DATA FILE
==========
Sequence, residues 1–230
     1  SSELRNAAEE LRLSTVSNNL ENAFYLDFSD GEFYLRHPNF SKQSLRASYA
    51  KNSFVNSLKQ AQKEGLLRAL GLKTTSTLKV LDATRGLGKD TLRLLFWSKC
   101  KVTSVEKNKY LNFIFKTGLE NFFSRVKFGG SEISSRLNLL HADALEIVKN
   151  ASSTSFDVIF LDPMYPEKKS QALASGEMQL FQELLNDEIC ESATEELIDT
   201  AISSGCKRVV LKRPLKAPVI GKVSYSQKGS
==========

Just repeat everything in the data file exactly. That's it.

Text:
Sequence, residues 1–230
     1  SSELRNAAEE LRLSTVSNNL ENAFYLDFSD GEFYLRHPNF SKQSLRASYA
    51  KNSFVNSLKQ AQKEGLLRAL GLKTTSTLKV LDATRGLGKD TLRLLFWSKC
   101  KVTSVEKNKY LNFIFKTGLE NFFSRVKFGG SEISSRLNLL HADALEIVKN
   151  ASSTSFDVIF LDPMYPEKKS QALASGEMQL FQELLNDEIC ESATEELIDT
   201  AISSGCKRVV LKRPLKAPVI GKVSYSQKGS